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FLEXO Magazine : November 2008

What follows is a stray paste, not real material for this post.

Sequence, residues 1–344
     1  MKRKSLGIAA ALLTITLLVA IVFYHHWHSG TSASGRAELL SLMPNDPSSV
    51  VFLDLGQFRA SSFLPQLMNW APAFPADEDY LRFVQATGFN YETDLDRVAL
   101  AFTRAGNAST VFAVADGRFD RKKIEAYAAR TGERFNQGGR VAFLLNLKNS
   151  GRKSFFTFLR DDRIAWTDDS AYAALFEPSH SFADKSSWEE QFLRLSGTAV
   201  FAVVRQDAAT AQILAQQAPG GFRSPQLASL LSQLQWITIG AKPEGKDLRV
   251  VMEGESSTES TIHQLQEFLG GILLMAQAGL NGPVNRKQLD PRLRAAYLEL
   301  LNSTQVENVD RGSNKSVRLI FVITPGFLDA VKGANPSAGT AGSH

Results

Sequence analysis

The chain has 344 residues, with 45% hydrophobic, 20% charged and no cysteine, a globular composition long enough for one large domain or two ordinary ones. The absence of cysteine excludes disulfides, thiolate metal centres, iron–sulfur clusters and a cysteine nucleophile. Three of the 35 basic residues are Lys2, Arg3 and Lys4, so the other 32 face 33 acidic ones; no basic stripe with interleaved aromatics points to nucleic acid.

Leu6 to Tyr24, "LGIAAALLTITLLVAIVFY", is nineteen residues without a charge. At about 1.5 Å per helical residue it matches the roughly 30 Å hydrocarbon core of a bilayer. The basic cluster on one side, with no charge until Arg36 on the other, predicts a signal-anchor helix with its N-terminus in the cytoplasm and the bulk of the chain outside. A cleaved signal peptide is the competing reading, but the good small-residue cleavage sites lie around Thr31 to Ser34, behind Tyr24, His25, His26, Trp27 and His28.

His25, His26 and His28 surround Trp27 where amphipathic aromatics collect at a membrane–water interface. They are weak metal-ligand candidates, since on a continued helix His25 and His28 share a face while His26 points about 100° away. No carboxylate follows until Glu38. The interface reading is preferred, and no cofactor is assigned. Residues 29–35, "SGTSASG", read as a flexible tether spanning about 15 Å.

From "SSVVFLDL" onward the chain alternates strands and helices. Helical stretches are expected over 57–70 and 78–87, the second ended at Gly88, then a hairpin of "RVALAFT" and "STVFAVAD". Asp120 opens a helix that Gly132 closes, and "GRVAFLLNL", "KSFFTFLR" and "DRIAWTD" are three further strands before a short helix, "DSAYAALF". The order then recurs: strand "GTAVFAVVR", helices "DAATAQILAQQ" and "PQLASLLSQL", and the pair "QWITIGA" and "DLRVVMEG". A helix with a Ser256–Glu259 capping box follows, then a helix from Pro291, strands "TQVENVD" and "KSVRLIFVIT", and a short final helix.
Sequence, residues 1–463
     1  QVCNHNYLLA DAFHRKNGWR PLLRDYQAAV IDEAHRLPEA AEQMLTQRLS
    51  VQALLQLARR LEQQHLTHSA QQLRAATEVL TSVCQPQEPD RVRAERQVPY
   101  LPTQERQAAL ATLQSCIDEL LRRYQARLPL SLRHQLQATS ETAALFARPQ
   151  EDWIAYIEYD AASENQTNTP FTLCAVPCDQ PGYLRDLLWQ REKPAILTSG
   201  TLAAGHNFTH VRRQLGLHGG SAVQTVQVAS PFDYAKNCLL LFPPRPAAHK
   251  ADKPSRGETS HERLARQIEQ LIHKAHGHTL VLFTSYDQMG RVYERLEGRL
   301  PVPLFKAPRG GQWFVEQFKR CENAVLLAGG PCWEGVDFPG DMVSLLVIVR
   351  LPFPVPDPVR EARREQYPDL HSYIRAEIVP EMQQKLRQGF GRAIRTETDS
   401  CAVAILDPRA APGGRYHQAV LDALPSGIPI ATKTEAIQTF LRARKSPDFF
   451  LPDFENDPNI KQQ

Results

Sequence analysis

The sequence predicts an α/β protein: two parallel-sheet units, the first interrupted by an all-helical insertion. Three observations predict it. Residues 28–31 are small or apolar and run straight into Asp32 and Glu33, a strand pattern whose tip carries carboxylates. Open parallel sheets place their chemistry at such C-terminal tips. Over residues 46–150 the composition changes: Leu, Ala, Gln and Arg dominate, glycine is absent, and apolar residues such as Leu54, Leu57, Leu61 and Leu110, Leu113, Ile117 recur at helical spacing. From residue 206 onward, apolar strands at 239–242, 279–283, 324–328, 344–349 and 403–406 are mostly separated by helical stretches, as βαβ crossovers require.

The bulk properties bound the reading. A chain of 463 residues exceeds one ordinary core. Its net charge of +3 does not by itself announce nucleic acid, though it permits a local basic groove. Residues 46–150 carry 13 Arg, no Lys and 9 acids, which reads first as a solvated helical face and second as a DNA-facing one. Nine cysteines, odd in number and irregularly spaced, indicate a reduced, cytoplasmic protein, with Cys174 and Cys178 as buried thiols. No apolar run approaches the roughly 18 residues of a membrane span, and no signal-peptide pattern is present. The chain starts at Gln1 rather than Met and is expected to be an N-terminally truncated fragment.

INDUSTRY INDICATORS Calvin Frost of Channeled Resources (the 2006 recipient of the R Stanton Avery Lifetime Achievement Award), offered his defi- nition of sustainability: “Best practices resulting in actions and initiatives that rely on recycling, reducing waste and supporting renewable resources.” He informed attendees that, “We generate 50 percent waste in printing.” Much of that comes from liner (35 to 40 percent) and matrix (60 to 65 percent). There are solutions, though, he declared. “All silicone-coated liners are recyclable,” he said, as are PET and PP. In the end, he stated, “You, the converter, must commit to change.” In the session that followed, two representatives from Wal-Mart discussed the firm’s Lean and green efforts. Karen Eshelman, quality manager of the Print, Mailing and Distribution Center (PMDC), revealed results of a case study on waste and sus- tainability conducted between 2005 and 2008. “We knew what we recycled, but we didn’t know why,” she said. The company literally emptied its compactor and asked, “What is this?” Today the Wal- Mart PMDC recycles 70 to 80 percent of its waste, and has sent zero print matrix to the landfill since 2006. The company earns $650 dollars per day in income for its recyclable waste. Its total waste generated has been reduced from 1.34 tons per day to 1.18 tons—a reduction equivalent to one roll of label stock. Marty Vavra, label product manager, followed Eshelman by telling the audience that he came to Wal-Mart from the flexo industry. “The changes in flexo since the mid-1980s have been 18 F LEXO incredible!” In 2004, Vavra said, he started a flexo label operation at the PMDC. “Whenever we got bigger, better and faster, we got more waste.” He encouraged attendees to “empty your garbage cans and look at what you are throwing away.” Vavra added that 3 percent scrap rate on 1 million sq. ft. is a lot. “Waste is money,” he declared. “Automation is where we found ways to reduce waste.” ON THE FLOOR Walking the 400+ booth trade floor, the presence of digital press- es and their branding as a complimentary, rather than competitive technology to flexo and other print processes, could not escape anyone’s notice. Engaging in conversation at a sampling of displays, the likes of Epson, Xeikon, EskoArtwork and Kodak confirmed it, and shed some light on both thought process and rationale. Speed and short runs were seen by many as the critical link between flexo and digital. Compatibility of digital with flexo pre- press programs and proofers, was said to be driving acceptance. “Flexo and digital can share a common workflow, exist side-by- side on the pressroom floor, enhance and expand scheduling opportunities, and bring newfound flexibilities and efficiencies to the operation,” several market observers commented. “Integration between processes is proving successful at creat- ing efficiencies, and generating less waste,” according to major prepress systems providers. One noted tremendous interest in off-the-shelf software that can eliminate the need for comps. NOVEMB E R 20 0 8 www. f l e x o g r a p h y. o r g